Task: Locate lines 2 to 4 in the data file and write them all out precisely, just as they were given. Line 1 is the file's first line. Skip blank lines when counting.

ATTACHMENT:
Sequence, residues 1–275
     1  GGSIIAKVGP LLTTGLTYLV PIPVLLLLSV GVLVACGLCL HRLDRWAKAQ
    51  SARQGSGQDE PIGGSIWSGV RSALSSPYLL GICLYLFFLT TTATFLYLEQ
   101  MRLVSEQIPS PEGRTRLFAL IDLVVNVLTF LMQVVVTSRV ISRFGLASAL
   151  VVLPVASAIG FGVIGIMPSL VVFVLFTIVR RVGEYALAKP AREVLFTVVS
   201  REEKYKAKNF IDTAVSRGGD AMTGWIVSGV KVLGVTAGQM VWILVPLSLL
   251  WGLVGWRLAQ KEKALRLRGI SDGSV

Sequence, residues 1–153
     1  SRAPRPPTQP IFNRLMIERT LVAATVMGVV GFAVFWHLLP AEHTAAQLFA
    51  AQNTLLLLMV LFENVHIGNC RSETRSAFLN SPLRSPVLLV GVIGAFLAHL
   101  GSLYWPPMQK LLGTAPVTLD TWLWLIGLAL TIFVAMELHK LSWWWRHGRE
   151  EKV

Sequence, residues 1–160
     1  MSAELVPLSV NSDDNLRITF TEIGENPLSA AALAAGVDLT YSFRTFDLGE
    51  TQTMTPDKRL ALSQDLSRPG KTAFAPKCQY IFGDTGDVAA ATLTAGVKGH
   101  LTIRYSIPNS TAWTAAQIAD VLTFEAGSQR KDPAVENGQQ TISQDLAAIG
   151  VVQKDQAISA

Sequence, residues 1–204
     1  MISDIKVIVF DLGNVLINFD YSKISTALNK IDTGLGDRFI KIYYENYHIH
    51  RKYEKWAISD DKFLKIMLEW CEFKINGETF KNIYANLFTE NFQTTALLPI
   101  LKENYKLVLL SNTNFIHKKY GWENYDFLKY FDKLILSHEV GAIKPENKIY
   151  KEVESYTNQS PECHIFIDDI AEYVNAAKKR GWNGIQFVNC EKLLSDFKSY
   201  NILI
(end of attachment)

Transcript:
     1  GGSIIAKVGP LLTTGLTYLV PIPVLLLLSV GVLVACGLCL HRLDRWAKAQ
    51  SARQGSGQDE PIGGSIWSGV RSALSSPYLL GICLYLFFLT TTATFLYLEQ
   101  MRLVSEQIPS PEGRTRLFAL IDLVVNVLTF LMQVVVTSRV ISRFGLASAL